I have worked with the PSN at the national level from planning to execution. I have also worked with the ACPN, as well as West African Postgraduate College of Pharmacists. I have worked with PSN Lagos and I am currently working out something with AHAPN. I have been able to work with almost every branch of the pharmacy profession.
How have you been able to combine pharmacy practice with your media activities?
Fortunately, I am in the marketing department, where information dissemination is key. You want to share information about drugs to the outside world, especially doctors, patients, nurses and the general public. Essentially, it is about the use of different media for communication.
Being in media practice is like an enhancer to my job as a pharmacist in the marketing department. Media is beyond video; it encompasses several other aspects like graphic design, psychographics and your ability to communicate effectively with your target audience. Combining the two fields flows naturally for me.
In your candid opinion, what are the challenges facing media practice in Nigeria?
I must say that there is a serious lack of knowledge, coupled with technological deficiency. This is because many things have changed in the media space, especially in terms of technology. In those days when I was in school, we used to record with the VHS tapes, which later evolved into the VCD and then the DVD technology. Now, we are talking of the MP4 technology which you can use on your phone.
In Nigeria, not everyone is conversant with the evolution of these aforementioned technologies. I am happy to be among those who have evolved with them. I have continued to burn midnight candles to study about some of these things because we don’t have schools that teach them. For instance, new technologies like the IP video are now in use. With such technologies, you can talk to someone in the other end of the world in real time.
Media has gone far beyond video. A lot of things have come into it, including the Internet. There are many things you need to integrate into contemporary media to make it robust. You need to also understand how the Internet works and how to use it for networking. The application of these variables poses a lot of challenges and at a huge cost.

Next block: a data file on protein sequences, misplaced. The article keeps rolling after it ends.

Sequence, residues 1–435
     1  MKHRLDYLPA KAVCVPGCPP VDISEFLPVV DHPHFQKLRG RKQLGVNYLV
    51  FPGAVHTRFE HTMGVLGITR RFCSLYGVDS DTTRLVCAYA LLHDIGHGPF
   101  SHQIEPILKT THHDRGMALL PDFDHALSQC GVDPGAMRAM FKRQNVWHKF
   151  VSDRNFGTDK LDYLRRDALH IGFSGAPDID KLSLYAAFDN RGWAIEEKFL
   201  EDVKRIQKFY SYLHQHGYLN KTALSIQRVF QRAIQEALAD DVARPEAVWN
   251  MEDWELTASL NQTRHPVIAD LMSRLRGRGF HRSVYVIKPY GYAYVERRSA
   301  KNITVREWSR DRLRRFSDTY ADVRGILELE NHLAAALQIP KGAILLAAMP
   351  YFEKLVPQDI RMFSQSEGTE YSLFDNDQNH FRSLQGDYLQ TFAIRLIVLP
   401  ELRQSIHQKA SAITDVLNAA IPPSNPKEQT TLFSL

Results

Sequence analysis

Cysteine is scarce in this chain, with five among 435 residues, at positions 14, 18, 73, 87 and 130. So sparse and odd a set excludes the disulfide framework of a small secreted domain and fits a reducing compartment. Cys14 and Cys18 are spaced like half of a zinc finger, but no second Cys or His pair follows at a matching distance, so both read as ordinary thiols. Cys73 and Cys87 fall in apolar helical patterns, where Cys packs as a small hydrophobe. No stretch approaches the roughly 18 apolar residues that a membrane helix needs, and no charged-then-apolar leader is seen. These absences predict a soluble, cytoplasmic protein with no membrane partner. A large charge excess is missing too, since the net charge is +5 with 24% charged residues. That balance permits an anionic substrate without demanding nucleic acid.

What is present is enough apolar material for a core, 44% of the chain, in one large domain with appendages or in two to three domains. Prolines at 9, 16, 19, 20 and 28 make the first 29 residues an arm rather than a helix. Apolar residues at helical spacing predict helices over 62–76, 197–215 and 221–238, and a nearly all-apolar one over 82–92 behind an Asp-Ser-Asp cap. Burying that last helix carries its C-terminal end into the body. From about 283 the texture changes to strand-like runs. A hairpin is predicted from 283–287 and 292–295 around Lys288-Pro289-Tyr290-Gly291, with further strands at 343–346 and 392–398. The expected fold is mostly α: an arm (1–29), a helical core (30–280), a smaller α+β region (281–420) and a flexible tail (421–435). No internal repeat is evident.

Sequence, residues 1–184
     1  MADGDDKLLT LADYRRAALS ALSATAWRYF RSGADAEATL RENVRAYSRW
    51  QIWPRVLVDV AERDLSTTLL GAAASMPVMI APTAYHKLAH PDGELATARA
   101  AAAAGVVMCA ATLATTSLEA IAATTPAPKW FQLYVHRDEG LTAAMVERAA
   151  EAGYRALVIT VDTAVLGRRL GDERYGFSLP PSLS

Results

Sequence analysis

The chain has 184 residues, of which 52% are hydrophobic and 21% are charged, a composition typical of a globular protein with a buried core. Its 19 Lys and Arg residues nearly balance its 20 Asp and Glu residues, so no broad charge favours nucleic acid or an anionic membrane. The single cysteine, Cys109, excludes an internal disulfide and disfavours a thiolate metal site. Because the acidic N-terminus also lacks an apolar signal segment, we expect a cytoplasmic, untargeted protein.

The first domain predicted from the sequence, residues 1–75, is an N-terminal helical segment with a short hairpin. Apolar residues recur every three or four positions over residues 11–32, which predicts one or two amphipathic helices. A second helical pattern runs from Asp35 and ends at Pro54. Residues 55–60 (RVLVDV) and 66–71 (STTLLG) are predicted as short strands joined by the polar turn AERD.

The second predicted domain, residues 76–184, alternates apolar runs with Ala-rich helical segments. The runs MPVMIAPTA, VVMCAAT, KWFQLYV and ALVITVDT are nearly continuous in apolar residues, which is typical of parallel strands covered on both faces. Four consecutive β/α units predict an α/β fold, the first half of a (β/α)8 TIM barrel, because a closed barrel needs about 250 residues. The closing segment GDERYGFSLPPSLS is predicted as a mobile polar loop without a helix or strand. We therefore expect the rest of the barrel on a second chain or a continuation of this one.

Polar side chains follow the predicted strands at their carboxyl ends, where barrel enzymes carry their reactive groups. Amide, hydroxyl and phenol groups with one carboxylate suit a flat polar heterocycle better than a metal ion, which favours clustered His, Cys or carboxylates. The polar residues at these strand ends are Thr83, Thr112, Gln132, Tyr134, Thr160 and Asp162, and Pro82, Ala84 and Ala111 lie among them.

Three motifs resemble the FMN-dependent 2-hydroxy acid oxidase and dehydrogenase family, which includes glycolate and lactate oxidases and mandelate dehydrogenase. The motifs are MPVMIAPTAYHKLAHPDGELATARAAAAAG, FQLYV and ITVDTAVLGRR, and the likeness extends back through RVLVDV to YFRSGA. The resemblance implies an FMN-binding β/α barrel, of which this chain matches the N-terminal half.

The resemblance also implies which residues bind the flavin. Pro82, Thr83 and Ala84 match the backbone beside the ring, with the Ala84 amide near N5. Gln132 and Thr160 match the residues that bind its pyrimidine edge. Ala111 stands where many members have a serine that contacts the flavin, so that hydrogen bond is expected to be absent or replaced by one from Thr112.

We have to create avenues for people to learn. There is a new technology now called the SRT, through which you can transfer video over your Ethernet cable. A lot of people don’t know how to do this, and so, it will take a lot of knowledge for people to understand it. A lot needs to be invested, in terms of knowledge and technology, to enable people understand some of these complex and sophisticated trends.
How relevant have your services been during the COVID era, especially during the lockdown?
When the lockdown came, it was just how to adapt what we had been doing before that was the issue. Before the lockdown, we were already doing the hybrid, and so, all we needed to do during the lockdown was to marry both scenarios together.
Because people had to stay back home during the lockdown, software like Hopin and Zoom came to the rescue. We were able to transmit our videos through these real time technologies for people right in their living rooms. In fact, during the lockdown, my expertise was in high demand. People consulted me a lot, as they sought answers to knotty issues bordering on the application of these conferencing technologies.
We have created PharmaStream TV to help the pharmaceutical industry with state-of-the-art digital media coverage and the impact has been wonderful.
What do we expect from PharmaStream TV in future?
PharmaStream TV is working to become one of the best in Nigeria. People should watch out for PharmaStream TV. It will soon become an online TV and a hub with different segments where pharmacists can meet for pharmacy-related activities. We are already on Google Play Store. I encourage pharmacists to subscribe and download the App.
I also want to encourage those who would like to go into journalism to follow us because there is a lot to be learnt. Just like Pharmanews, which has consistently evolved over the past 42 years, PharmaStream TV is working to remain ever-relevant with the times, in terms of technology and content.